Thursday, January 31, 2019

A different English Bakewell Tart. . . . . . . . .

The Bakewell Tart is an English traditional dessert often associated with the Derbyshire town of Bakewell, but there is no firm evidence it originated there.

Jane Garmey in her book Great British Cooking: A Well Kept Secret (Over 200 recipes-from meat pies to plum pudding-----adapted for American cooks) pub. by Random House in 1981, states the following -

"The story goes that the first Bakewell Tart was the result of a misunderstanding between Mrs. Greaves, the proprietress of the Rutford Arms Inn at Bakewell, and her cook. Mrs. Greaves requested a jam custard tart. However, instead of mixing in the jam with the custard, her cook spread it on the bottom separately. The incorrect tart was an instant success with Mrs. Greaves's guests and has been famous ever since."

As for this cookbook, it's one I purchased back in the eighties (prior to Internet access) as often I couldn't find favorite childhood recipes with British measurements. 

(FYI - and a real shock - I see my hardcover version of this book is still available on Amazon from $95 to $169!)

Well all that said, this is a new version of the standard, usually red jam, Bakewell Tart -
the Marmalade Bakewell Tart - found when thumbing through last year's January issue
 of the fabulous UK Country Living magazine.

Being a great lover of orange marmalade - best always from Scotland or England 
as not too sweet - I gave this one a try yesterday. With the dense ground almond
 frangipane filling and sliced almonds on top, it has to be somewhat nutritious also!!!

Baking something on a very cold January afternoon raises one's spirits and
warms the house. Anxiously awaiting cooling and slicing for the evening 
dessert, and wondering how it will taste, is all worthwhile. There's nothing better 
than the great feeling of making something tasty, and pretty, in one's kitchen. 

I was very pleased it turned out so well - and was not difficult to make as I cheated a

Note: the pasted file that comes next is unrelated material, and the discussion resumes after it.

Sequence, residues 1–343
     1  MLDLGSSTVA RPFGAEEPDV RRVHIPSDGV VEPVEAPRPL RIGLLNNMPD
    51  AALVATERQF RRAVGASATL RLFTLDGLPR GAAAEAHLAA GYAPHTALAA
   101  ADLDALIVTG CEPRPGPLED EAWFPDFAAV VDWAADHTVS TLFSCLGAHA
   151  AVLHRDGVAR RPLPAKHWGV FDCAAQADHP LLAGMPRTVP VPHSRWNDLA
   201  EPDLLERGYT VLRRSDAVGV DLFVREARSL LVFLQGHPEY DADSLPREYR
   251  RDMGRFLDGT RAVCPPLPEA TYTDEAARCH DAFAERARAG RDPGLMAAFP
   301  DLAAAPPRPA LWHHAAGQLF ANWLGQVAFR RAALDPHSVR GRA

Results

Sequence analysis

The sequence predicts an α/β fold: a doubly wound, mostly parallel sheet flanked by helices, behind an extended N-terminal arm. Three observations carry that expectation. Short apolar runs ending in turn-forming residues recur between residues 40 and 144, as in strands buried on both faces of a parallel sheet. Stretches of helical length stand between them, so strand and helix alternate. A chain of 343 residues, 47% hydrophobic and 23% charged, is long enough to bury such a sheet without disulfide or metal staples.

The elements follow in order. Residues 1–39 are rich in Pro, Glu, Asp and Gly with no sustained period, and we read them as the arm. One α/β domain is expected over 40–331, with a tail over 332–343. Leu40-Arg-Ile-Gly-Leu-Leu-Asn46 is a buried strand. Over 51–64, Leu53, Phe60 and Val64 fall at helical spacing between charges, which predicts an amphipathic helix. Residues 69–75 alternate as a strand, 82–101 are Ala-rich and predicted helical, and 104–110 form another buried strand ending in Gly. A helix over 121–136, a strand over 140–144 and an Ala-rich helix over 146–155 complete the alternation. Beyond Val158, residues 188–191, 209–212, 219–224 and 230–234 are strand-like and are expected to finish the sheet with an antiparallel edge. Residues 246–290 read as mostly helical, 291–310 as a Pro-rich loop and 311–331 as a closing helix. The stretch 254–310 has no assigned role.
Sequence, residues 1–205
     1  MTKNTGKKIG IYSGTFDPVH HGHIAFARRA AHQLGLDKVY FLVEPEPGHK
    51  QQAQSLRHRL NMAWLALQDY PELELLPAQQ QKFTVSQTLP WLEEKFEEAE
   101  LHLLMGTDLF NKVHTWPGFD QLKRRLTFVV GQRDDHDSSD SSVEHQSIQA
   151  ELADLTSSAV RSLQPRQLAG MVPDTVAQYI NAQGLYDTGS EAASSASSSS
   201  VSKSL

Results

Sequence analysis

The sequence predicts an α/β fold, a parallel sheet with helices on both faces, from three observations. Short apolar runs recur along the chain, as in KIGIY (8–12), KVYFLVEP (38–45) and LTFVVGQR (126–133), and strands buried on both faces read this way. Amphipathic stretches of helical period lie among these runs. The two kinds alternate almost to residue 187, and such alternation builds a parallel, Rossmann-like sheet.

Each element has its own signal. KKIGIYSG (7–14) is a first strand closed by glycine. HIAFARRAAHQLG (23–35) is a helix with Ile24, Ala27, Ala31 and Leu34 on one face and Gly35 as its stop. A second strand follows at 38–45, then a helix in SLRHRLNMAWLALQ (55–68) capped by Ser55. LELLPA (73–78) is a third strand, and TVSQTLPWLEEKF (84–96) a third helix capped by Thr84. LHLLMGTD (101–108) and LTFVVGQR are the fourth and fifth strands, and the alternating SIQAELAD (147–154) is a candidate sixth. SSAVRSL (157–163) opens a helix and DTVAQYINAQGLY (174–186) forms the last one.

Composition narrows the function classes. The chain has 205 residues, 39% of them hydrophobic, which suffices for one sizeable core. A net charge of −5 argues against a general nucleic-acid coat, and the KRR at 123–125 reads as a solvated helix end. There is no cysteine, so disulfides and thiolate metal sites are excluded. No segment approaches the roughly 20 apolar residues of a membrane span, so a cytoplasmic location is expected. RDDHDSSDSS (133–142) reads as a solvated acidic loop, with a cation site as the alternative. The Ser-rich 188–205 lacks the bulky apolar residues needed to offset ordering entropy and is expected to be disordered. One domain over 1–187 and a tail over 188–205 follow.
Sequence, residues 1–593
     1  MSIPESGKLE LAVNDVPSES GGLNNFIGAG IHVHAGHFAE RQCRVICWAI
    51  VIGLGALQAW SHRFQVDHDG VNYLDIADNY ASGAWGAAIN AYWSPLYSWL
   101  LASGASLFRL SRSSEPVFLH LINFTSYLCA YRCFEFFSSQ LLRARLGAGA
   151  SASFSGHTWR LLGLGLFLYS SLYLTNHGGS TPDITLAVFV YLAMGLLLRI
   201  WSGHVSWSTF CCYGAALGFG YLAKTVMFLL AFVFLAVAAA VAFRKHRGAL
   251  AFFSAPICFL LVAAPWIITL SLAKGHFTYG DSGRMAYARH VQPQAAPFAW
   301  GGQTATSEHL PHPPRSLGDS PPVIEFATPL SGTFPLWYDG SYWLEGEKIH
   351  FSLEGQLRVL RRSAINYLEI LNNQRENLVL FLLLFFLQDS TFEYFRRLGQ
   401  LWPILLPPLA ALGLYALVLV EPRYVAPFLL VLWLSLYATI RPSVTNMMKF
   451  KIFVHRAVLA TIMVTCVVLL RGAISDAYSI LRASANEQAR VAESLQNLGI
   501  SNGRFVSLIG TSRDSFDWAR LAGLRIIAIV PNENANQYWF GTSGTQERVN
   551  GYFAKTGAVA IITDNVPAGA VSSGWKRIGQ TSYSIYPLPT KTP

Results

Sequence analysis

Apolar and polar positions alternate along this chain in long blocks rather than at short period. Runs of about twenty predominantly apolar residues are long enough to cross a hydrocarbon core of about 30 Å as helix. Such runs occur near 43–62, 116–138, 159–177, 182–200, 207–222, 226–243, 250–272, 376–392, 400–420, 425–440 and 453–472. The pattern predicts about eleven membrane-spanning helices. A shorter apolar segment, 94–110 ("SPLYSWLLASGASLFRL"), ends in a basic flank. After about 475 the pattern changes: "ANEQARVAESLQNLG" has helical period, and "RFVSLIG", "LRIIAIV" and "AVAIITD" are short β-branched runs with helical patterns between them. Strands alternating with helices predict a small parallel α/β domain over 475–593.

bit by using a ready made rolled crust. Tucked into a French removable bottom
 metal tart pan, it baked to a perfect thin, flaky crust, very crisp edge and bottom, 
nothing soggy or burnt, always a big plus!
It was/is a really lovely dessert - yes, there's plenty remaining and should keep for
 a few days. . . . . .and I just went and tasted bit today and think it's even better than yesterday!

Here's the magazine version - let me know if you want the recipe later.

Happy baking and serving days this winter!

Wednesday, January 30, 2019


is for

Female Eastern bluebird this morning on the fig tree.
She looks cold and almost grey - I feel a lot like that also.

I'm not outside despite the sunny day - just too cold.
Not complaining though as it's just warmed up above freezing here.
 I was just advised the US mid-west is
 much colder than Antarctica. Chicago-area residents' teeth will
chatter today if they head outside in -15F temperature. 
They could head to Priestley Glacier, Antarctica where it will reach
 a balmy 6F today!!!

Me on a sunny 33F morning in Antarctica - January 2013

Stay warm and safe all my mid-west friends. . . . . . I still have the overly
 padded 'make you look fat', Canada Goose down jacket and cold
 weather gear. . . . . .if you want to borrow!

Tuesday, January 29, 2019

Bubble and Squeak!

    com·fort food

Dictionary result for comfort food

       /ˈkəmfərt fo͞od/
         plural noun: comfort foods
  1.            food that provides consolation or a feeling of
  2.            well-being, typically any with a high sugar or
  3.            other carbohydrate content and associated with
  4.            childhood or home cooking.

I just bet we are all searching for 'comfort foods' at this time of year - well
at least those of us in the northern hemisphere.